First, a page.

Now is the time for a ‘sense and respond’ innovation strategy
12th Oct 2020
Hope is not a strategy, but strategy gives you hope.
Hunker down, or innovate? What’s your instinct telling you about the ‘bets’ you have to make to navigate a way forward from the current Covid-impacted economy? The only thing we know for sure about life after Covid is that it will be different, and like any crisis, there will be challenges – and opportunities, if you chose to see them. Doing nothing may seem a safe approach whilst you try to make sense of the situation, but upping the pace of your innovation can be a source of advantage in a ‘sense and respond’ strategy.
It will be some time before we understand the full economic impact of the pandemic, but the history of such shocks tells us two things. First, economic downturns provide opportunities to move your business forward; secondly, crises produce not just a raft of temporary market shifts, but also some long-term, permanent market realignment. For example, the 2003 SARS outbreak in China is seen as the catalyst for accelerating a structural shift to e-commerce, paving the way for the rise of Alibaba.
The immediate headlines on the ‘to do’ list in financial services are easy to write:
Faster digital transformation of the enterprise
The crisis will only speed up the need for digitisation, which will need to happen faster, deeper and smarter, with stronger integration from the backend instead of divided complex legacy layers. Digitising processes for both efficiency and cost reduction will happen at the interface of customer facing and back office process.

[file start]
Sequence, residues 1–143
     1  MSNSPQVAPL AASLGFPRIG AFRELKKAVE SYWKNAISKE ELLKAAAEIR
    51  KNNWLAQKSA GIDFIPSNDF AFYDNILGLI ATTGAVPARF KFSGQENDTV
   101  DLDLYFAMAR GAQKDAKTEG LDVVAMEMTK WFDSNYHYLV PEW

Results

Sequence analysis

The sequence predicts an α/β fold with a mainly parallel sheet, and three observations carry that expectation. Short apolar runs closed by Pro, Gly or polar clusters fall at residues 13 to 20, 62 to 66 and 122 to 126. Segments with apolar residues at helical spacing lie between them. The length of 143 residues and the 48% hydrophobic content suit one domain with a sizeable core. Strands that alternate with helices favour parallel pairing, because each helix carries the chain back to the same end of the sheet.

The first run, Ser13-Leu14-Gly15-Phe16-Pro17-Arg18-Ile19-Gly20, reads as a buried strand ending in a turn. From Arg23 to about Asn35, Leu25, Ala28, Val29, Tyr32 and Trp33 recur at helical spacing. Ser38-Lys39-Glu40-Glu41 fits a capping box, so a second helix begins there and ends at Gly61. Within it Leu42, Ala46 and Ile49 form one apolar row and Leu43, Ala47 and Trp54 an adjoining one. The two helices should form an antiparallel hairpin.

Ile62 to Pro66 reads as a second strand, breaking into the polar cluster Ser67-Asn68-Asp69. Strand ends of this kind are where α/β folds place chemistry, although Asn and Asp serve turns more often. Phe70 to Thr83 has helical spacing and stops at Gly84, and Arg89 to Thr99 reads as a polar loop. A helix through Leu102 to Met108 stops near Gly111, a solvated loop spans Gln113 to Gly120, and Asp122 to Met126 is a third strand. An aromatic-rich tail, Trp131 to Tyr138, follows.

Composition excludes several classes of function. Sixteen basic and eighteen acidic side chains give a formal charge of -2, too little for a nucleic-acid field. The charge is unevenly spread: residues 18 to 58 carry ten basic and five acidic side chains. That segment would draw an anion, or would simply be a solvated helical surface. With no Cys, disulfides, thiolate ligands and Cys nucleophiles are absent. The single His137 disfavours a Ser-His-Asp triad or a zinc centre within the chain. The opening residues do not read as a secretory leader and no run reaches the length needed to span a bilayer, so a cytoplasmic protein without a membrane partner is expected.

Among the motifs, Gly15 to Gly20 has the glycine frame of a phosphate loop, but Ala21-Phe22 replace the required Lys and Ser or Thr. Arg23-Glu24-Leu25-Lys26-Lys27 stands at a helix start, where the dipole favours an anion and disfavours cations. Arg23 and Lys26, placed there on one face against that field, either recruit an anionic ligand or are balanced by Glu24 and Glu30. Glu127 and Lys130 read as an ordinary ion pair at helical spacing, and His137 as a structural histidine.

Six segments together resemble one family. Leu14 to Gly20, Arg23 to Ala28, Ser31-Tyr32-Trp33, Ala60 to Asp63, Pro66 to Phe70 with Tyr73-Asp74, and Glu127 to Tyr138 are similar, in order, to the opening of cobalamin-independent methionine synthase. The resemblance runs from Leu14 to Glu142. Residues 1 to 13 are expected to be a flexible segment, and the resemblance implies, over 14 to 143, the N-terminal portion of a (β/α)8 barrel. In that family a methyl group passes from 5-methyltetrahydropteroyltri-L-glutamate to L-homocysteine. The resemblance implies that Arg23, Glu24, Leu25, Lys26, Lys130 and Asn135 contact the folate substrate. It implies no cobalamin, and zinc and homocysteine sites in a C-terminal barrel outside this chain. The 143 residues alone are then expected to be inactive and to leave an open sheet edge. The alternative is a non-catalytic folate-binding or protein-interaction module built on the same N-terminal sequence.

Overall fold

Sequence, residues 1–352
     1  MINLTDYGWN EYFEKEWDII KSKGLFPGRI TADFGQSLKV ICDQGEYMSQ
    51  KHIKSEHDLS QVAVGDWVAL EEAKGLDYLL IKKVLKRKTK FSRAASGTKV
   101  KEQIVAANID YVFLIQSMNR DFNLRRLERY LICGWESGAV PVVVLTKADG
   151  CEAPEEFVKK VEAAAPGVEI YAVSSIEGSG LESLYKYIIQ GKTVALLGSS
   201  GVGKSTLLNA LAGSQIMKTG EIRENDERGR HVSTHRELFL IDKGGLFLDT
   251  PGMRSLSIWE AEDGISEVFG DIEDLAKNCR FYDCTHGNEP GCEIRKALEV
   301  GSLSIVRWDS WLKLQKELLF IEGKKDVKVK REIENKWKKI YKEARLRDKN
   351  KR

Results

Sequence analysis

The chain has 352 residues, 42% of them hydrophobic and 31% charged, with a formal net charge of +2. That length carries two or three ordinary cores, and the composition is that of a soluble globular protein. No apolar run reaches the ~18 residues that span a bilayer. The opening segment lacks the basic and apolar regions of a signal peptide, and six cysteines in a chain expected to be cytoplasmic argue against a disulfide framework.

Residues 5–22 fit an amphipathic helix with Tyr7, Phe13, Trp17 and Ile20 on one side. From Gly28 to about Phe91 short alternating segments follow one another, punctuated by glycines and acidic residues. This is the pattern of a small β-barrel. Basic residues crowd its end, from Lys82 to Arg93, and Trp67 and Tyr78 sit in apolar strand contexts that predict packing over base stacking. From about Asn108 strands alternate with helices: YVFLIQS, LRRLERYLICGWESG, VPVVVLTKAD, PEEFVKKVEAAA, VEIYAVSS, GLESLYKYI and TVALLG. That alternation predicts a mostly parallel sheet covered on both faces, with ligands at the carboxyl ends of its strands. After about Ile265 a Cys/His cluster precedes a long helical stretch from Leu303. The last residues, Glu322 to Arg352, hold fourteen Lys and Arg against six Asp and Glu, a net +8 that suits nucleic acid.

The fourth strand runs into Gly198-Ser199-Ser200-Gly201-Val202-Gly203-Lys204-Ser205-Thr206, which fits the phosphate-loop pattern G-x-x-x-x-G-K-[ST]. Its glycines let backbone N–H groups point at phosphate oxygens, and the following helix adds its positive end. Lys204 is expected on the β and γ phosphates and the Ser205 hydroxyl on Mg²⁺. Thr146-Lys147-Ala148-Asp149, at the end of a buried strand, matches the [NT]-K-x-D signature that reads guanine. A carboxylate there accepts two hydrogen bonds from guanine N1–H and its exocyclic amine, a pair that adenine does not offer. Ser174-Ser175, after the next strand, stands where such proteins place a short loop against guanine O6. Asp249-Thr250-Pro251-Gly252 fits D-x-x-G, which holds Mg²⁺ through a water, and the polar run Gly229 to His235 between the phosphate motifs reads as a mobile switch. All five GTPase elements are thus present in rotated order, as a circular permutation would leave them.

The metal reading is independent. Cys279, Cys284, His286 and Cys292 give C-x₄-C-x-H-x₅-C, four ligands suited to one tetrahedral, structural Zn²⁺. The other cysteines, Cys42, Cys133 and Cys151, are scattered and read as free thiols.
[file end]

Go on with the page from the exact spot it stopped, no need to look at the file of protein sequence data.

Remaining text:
Increased digital financial services
Digital financial services such as lending advice, as well as credit requests, will only further be consumed online. Before the crisis, a lot of providers might not have offered digital services, but now they will see this as the only way to engage with clients.
Changes in consumer behaviour
With home working driving increased adoption of online meeting tools, there will be efficiency increases with more client meetings able to be scheduled in a day. Once physical engagement can resume, there may be an audience that still prefers the face-to-face option, but there will certainly be a larger group of customers who prefer digital-based services.
Further reliance on digital security
The online environment creates new risk exposures above and beyond regulation and compliance, meaning that cybersecurity takes on even more prominence. Cyber resilience processes and software, as well as staff training, will become even more crucial. Data privacy and data protection to create and ensure consumer and brand trust will be key.
Increased need for prediction of fraud as a form of protection
Rather than a business defence, there will be new challenges around digital fraud and other ways to steal or mimic customers’ identity to get access to data. New tech to both protect the perimeter and the ability to discern true positives from false ones will be required.
One way to move forward in this environment is what I call a ‘sense and respond strategy’.
The pandemic has disrupted consumption, forcing both organisations and customers to unlearn old habits and adopt new ones. From the organisation perspective, it’s about how to sense growth opportunities and respond with innovation initiatives to accelerate the engagement, experience and satisfaction of the customer in the ‘new normal’.
Organisations seeking to emerge from the crisis with momentum to build a stronger future must develop a systematic understanding of changed customer needs and habits. The first step is to map the potential ramifications of changing expectations and trends to identify specific products or business opportunities that will most likely grow as a result.
Unless we respond to new habits and demands, and their cascading indirect effects, we will fail to spot signals and miss opportunities to shape markets. One approach is to categorise demand shifts on the basis of whether they are likely to be short-term or long-term, and whether they were existing before the crisis or have emerged since it began. I’ve put them into a framework, the ‘ACID test’: